The modularity of the numerous spaces allows you to organise your seminar in the best conditions, with a team of professionals ready to respond to all your requirements.
In addition to the customised shows created for the activities at the Castle, our artistic director can support you in all your searches in terms of Disc Jockeys, live bands, artists of all kinds, fire-eaters, jugglers, dancers, etc. In short, all the troubadours you could dream of for you party at the Castle!
Team Building
With the various spaces and 28 hectares of domain around the Castle, our teams can help you in your search, whether your Team Building is an intellectual or sports activity.
Our florist, who knows the premises, can steer you in your search if you so wish


Château d'Hélécine
2 Rue Armand Dewolf
1357 Hélécine

(Follow the signs « Domaine Provincial Hélécine »)

Hélécine Castle information line: +32 475 492 482

  • Coming from
  • My location
  • Leuven
  • Brussels International Airpo
  • Liège
  • Louvain-La-Neuve
  • Wavre
  • Namur
  • Antwerp
  • Charleroi
  • Ghent
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  Display the route  




The name Heylissem is mentioned for the first time in a charter dating from 29 November 1011 (1) and through which the Bishop of Liège, Baldrick, granted the Church of Heylissem the property called Hamps (today the hamlet of Hampteau). Apart from this, there is little information remaining of the origins and first inhabitants of the region where the Abbey of Heylissem was built. When the monastery was founded in the early 12th century, the local population comprised a mixture the origin of whom remains unknown. We only know that the original inhabitants were a race of man who, at the time of the mammoth and reindeer, lived by hunting along the rivers, in the woods and marshes (2). After this Palaeolithic era, at the dawn of the present geological epoch, a new equally unknown race of man, distinguishable only by their brachycephalic skulls and a way of life revealed to us by archaeologists specialising in prehistory. They practised agriculture, used stone weapons and tools, domesticated animals and made ceramic vases. The first glimmers of history appear with the invasion by the Celts who crossed the Rhine and subdued the population. The use of bronze became widespread. But we have to wait until the arrival of the tribe of the Belgians, around 250 BC, who pushed the Celts further south, to see the first development of settlements. The inhabitants called "Nervians" left gold coins whose workmanship shows a certain level of civilisation.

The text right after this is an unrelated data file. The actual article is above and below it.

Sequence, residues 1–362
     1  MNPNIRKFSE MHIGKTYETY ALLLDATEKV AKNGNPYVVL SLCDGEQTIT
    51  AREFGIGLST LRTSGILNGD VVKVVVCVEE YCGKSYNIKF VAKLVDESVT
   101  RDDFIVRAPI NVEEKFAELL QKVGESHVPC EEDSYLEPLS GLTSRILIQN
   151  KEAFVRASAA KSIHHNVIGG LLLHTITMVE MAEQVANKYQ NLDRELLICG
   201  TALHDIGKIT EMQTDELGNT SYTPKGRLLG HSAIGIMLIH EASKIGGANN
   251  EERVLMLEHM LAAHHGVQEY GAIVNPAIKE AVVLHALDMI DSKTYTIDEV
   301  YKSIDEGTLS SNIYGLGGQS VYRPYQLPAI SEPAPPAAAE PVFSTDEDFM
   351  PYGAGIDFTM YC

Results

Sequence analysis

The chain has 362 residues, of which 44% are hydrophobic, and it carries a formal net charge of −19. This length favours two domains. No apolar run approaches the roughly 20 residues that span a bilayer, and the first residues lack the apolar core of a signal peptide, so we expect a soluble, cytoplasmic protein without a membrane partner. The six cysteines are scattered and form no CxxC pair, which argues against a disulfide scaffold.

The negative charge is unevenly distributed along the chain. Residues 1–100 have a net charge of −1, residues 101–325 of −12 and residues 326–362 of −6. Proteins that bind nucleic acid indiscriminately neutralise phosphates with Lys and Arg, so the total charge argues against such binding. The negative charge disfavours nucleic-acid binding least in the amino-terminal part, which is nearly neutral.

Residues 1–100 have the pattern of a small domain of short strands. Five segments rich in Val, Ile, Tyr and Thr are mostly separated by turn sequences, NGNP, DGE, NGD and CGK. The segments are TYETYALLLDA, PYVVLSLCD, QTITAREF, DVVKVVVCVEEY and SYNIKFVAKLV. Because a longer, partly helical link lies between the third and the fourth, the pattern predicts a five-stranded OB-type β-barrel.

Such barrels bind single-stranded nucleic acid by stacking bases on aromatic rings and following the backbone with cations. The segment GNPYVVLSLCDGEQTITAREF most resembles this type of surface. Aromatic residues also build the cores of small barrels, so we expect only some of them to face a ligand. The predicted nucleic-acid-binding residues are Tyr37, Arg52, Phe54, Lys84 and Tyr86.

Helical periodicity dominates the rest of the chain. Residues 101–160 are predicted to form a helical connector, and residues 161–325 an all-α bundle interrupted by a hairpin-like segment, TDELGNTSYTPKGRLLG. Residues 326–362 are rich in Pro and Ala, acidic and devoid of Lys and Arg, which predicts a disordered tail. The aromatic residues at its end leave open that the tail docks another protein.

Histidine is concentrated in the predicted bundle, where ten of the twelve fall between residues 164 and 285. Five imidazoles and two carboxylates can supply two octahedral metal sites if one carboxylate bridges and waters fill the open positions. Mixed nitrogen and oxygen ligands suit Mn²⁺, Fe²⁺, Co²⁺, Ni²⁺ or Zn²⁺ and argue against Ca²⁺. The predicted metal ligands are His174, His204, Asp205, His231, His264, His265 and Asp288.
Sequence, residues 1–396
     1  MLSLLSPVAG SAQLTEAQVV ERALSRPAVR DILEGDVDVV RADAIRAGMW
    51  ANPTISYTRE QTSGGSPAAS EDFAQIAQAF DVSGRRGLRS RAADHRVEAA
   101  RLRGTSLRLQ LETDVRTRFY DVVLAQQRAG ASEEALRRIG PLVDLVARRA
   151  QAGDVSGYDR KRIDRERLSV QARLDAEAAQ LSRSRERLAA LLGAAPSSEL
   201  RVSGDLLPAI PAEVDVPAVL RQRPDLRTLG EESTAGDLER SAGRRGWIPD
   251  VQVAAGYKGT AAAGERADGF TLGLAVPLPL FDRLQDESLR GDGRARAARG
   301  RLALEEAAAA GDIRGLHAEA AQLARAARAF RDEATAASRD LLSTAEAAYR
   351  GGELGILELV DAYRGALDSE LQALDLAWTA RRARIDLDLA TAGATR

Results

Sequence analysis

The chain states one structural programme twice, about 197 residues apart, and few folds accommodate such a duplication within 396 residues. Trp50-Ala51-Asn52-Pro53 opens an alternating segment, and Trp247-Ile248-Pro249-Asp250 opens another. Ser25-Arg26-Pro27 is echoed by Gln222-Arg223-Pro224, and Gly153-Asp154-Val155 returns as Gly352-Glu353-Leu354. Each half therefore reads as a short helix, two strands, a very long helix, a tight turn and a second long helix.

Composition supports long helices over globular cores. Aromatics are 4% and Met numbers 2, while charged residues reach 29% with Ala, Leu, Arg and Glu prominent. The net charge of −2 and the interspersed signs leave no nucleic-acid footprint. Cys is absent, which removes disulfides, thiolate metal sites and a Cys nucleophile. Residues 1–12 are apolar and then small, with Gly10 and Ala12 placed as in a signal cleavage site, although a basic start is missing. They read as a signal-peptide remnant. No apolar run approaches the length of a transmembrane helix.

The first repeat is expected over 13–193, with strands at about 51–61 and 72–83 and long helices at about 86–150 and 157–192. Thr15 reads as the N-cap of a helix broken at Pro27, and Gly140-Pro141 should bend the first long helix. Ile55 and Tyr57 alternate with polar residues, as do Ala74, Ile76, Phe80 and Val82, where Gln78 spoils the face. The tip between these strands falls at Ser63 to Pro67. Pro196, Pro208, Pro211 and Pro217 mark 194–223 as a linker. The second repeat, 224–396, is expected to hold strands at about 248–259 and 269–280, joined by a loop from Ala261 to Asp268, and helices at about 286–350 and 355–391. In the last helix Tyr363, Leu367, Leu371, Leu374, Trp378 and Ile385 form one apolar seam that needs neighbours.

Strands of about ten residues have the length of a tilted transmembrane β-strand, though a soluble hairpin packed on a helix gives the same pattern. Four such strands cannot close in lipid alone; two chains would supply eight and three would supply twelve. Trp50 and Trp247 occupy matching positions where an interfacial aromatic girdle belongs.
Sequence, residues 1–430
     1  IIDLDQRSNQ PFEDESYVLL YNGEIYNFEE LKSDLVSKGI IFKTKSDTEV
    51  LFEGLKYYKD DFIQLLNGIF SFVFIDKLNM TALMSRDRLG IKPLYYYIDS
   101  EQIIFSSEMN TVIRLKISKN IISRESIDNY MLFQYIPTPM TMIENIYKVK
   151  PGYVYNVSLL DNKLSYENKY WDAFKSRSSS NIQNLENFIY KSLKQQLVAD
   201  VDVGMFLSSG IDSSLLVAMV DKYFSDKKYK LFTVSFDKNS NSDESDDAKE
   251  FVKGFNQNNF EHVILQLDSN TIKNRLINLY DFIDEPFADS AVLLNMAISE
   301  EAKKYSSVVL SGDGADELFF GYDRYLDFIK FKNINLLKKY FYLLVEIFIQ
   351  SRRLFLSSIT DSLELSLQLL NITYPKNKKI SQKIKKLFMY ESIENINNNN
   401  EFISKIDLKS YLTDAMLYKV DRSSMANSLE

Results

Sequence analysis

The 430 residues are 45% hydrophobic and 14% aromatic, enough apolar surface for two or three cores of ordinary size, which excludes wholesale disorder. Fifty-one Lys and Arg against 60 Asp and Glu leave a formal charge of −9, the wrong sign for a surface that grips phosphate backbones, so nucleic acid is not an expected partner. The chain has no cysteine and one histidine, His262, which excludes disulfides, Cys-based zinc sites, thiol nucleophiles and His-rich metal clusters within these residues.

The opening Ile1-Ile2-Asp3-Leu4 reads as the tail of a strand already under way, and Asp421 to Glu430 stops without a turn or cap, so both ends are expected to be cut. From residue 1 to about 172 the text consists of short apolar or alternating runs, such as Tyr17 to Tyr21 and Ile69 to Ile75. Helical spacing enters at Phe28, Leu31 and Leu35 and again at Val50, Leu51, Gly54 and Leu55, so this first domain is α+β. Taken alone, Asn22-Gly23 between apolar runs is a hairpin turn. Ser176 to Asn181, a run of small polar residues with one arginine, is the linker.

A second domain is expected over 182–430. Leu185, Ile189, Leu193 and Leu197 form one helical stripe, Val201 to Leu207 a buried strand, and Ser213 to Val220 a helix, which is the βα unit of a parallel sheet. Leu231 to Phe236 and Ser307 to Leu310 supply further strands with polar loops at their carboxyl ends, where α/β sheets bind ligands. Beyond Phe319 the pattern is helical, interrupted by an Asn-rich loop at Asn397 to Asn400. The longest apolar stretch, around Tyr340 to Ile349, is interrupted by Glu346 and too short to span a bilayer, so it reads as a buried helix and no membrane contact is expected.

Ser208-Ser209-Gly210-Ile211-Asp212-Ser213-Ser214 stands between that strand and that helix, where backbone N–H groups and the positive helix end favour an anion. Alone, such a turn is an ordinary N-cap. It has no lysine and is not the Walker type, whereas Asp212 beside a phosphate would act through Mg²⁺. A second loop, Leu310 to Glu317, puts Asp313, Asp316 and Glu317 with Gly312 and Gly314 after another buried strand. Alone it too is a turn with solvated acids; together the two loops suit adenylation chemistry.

At the time of the invasion of Gaul by the Romans in 57 BC, many men perished, defeated by Caesar's legions. The land suffered the same fate as the other territories in our region: annexation to the Roman Empire for four centuries. There are four tumuli in a countryside close to the road linking Opheylissem to Jodoigne, and today still called "Campagne des Tombes" (Countryside of Graves). The cultivation of the land has however significantly reduced their height. Several foundations of Roman villas were found in the region. The main communication route connecting the Rhine to the sea was not far from there.